Canada in a Box, Cigar Containers that Store Our Past 1883-1935 Canada in a Box, Cigar Containers that Store Our Past 1883-1935 Back Next
Canada in a Box, Cigar Containers that Store Our Past 1883-1935
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Of the many thousands of cigar brands manufactured in North America
between 1883 and 1935, some could only have come from Canada. The people and places depicted on their boxes, and the symbols used,
are quintessentially Canadian.


Symbols / Icons

Within a few years of Confederation, Canadians were developing an iconography of symbols to represent the new Dominion to each other and abroad. Some of these images—like the beaver and the maple leaf—were already widely used and recognized. Others may have been helped into the national consciousness through the medium of cigar box labels.


THE BEAVER

As if in homage to the connection between tobacco and the beaver in Canadian history (17th-century fur traders opened negotiations with Native trappers with gifts of tobacco), early cigar packaging made prominent use of the beaver on revenue stamps and box labels.

THE BEAVER THE BEAVER
Trimmed wood box (50)
Factory 16 IRD 38 Series of 1897
F. J. Lynch, Vancouver, B.C.
CMC 2004.38.3

SHAW'S SINGLE BINDER SHAW'S SINGLE BINDER
Trimmed wood box (50)
Factory 2 IRD 39 Series of 1915
Edmonton Cigar Factory, Edmonton, Alb.
CMC 2003.46.101

BEAVER BEAVER
Trimmed wood box (100)
Factory 26 IRD 26 Series of 1897
Andrew Wilson, Toronto, Ont.
CMC 2003.46.82

THE BEAVER MERCANTILE CO SPECIAL THE BEAVER
MERCANTILE CO. SPECIAL
Trimmed wood box (50)
Factory 2 IRD 32 Series of 1897
Jose Gaste, London, Ont.
CMC 2003.46.34
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THE MAPLE LEAF FOREVER—AND OTHER CANADIAN ICONS

By the time cigar boxes came along in the 1880s, the maple leaf had been in use as a national symbol for nearly 40 years in both French and English Canadian popular media such as sheet music and book-cover art.

There is only one Maple Leaf cigar box in the museum's collection, but there are several boxes with the maple leaf as one Canadian motif among many.

MAPLE LEAF MAPLE LEAF
Trimmed wood box (25)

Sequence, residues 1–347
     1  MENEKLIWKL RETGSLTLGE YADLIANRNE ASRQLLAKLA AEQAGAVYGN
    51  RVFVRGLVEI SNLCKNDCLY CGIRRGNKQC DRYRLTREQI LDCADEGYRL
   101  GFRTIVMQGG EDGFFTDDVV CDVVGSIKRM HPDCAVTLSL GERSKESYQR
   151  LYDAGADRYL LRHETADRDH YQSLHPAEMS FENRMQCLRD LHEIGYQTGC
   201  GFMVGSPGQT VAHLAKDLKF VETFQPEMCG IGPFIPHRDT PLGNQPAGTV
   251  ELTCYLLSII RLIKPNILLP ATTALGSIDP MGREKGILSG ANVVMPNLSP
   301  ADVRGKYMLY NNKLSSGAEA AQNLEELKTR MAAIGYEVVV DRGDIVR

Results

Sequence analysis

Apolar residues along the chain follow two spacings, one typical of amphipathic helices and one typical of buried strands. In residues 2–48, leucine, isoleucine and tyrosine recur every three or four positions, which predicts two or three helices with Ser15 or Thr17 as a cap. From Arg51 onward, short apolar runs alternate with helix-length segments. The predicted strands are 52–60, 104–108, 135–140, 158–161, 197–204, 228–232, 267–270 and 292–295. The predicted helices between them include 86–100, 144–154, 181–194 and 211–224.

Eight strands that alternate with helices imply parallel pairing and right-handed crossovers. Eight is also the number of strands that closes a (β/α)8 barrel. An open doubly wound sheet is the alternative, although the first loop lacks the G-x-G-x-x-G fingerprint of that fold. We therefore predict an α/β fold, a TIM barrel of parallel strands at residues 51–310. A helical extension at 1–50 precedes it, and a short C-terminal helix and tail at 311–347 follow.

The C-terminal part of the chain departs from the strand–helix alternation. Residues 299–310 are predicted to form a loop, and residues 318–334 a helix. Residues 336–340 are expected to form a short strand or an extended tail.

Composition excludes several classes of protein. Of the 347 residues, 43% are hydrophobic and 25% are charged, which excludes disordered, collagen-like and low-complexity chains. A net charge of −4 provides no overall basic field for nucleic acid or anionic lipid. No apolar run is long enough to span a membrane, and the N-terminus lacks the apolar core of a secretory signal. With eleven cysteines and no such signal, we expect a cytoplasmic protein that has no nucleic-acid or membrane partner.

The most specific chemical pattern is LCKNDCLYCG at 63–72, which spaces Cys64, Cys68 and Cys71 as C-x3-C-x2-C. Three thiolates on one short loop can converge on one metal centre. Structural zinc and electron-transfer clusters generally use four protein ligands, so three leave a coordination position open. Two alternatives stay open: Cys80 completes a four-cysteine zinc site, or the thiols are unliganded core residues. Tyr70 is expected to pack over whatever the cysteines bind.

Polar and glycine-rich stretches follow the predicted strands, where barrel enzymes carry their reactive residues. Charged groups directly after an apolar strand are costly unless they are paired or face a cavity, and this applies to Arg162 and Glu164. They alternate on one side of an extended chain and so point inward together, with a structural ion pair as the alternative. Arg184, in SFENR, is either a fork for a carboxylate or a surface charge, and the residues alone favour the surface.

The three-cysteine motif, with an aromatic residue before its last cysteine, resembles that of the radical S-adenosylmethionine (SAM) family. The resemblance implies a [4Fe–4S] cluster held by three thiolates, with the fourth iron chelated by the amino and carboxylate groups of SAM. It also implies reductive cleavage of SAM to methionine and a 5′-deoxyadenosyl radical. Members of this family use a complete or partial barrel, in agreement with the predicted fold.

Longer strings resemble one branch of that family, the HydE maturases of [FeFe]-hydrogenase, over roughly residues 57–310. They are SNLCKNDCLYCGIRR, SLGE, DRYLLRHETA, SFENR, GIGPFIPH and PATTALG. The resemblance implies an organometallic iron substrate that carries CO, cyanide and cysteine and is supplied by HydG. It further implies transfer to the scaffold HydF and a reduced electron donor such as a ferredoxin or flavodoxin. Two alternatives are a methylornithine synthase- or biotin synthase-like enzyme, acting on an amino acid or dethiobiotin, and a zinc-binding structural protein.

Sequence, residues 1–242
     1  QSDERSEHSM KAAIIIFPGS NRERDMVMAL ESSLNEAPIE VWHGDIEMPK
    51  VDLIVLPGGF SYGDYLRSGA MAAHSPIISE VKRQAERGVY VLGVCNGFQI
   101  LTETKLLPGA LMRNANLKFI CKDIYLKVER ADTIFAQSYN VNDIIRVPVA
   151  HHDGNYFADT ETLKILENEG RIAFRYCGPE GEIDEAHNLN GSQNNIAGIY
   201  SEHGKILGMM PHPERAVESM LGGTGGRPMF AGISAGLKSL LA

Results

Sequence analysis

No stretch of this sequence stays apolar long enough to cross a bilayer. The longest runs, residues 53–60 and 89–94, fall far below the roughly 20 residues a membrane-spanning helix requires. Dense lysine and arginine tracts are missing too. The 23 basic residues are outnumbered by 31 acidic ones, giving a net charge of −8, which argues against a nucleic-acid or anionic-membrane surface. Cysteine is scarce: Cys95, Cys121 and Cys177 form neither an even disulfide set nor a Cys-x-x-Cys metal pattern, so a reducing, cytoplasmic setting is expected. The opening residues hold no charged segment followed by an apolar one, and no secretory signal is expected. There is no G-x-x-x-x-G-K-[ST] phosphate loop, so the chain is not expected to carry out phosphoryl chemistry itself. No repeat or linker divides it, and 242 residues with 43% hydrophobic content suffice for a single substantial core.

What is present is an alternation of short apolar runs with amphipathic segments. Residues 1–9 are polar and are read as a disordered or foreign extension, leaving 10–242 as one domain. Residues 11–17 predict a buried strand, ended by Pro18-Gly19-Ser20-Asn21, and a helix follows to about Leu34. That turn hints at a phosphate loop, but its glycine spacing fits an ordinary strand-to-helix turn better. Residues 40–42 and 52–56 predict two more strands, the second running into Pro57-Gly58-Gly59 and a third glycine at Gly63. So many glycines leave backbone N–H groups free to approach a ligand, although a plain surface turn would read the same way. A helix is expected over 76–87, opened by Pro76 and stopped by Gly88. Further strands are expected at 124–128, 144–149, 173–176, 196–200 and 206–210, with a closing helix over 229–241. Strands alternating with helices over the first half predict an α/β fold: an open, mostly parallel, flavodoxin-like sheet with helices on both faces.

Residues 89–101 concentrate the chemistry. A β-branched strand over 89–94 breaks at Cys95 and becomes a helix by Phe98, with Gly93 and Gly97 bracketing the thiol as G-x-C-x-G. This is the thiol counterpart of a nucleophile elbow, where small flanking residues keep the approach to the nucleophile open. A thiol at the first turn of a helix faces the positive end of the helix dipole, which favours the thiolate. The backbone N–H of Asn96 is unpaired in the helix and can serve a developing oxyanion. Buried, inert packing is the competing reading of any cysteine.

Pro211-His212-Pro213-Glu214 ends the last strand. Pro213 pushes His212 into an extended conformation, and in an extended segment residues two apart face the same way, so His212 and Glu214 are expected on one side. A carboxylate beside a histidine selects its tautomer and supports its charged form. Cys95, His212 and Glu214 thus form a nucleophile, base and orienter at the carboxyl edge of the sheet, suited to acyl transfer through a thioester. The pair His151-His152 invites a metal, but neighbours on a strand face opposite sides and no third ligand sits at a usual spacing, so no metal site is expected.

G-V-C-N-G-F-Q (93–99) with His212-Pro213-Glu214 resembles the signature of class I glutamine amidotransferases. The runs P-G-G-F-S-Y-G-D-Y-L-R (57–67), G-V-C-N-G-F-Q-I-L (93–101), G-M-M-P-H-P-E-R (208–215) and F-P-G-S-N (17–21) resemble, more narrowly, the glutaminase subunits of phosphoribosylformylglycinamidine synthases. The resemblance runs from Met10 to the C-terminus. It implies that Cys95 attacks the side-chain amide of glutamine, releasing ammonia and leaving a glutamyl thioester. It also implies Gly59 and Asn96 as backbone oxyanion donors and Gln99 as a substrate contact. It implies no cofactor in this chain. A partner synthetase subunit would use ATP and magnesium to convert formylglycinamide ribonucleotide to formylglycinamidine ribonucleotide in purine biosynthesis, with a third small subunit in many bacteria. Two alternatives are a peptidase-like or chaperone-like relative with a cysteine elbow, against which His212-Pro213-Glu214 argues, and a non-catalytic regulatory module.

Factory 2 IRD 26 Series of 1897
John Taylor, Toronto, Ont.
CMC D-9117

KEYSTONE KEYSTONE
Trimmed wood box (25)
Factory 6 IRD 36 Series of 1897
Keystone Cigar Company, Winnipeg, Man.
CMC 2004.38.62

EDMON
EDMON
Trimmed wood box (50)
Factory 3 IRD 14 Series of 1915
Likely Edmond Cigar Co., L'Epiphanie, Que.
CMC 2005.41.4

A beaver, passant guardant proper (in the language of heraldry—"standing on four feet, facing left, in its natural colour") and multicoloured maple leaves frame a beaver dam in lush woods—in Ontario, presumably, if that province's shield (bottom) is any indication. The quality of the cigars is suggested by the gold medals flanking the shield.

JACK CANUCK
JACK CANUCK
Trimmed wood box (25)
Factory 9 IRD 28 Series of 1922
F. Keil, Waterloo, Ont.
CMC 2003.46.2

In the last quarter of the 19th century, two national symbols were introduced to Canadians: the Red Ensign flag, featuring the composite arms of Canada's provinces; and a figure promoted in political newspaper cartoons as an icon for the nation, Jack Canuck. Both appear on this label along with a giant log and maple leaves, flanked by iconographic Canadian scenes: beavers building a dam and farmers reaping wheat.

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A DOMINION WITHIN AN EMPIRE

Canadian and British iconography often appeared jointly on our cigar box labels, reflecting the fact that for many Canadians at the turn of the 20th century, the country's membership in the British Empire was a fundamental part of their heritage and identity. [For Canadian boxes even more involved with things British, go to The Mother Country.]


AMO
AMO
Trimmed nailed wood box (50)
Factory 12 IRD 26 Series of 1897
Flor de Canada Cigar Co., Ltd., Toronto, Ont.
CMC 2001.185.26 Tony Hyman Collection

The Amo label features a Latin name and Canadian iconography: autumn-hued maple leaves, a bison, and shields from the coats-of-arms of Britain and Canada. The seven provinces represented on the Canadian shield tell you the label was designed before 1905 (when Saskatchewan and Alberta joined Prince Edward Island, Nova Scotia, New Brunswick, Quebec, Ontario, Manitoba, and British Columbia).

NATIONAL
NATIONAL
Trimmed nailed wood box
Factory 5 IRD 14 Series of 1897
Manufactured for George J. Foy, Toronto, Ont.
CMC 2005.41.18

The sun rises (one would like to think) over the Canadian beaver standing on a luxuriant bed of maple leaves, against a backdrop of Great Britain's Union Jack and Canada's new Red Ensign flag.

NEUTRAL
NEUTRAL
Trimmed nailed wood box (50)
Factory 2 IRD 42 Series of 1897
T. J. Fair & Co., Brantford, Ont.
CMC 2003.46.77

A densely iconic if somewhat puzzling label. One guesses it honours the equal allegiance owed by Canada to three of Great Britain's component nations.

GEN'L WOLFE
GEN'L WOLFE
Trimmed nailed wood box (50)
Factory 17 IRD 32 Circa 1897
Likely G. Olmsted, London, Ont.
CMC D-13692

The brand names of 19th-century London, Ontario cigar makers reflect an especially reverent attitude towards the connection between Canada and Great Britain. G. Olmsted's "Gen'l Wolfe" memorialized the commander of the British force that took Quebec in 1759 and ended French rule in Canada.


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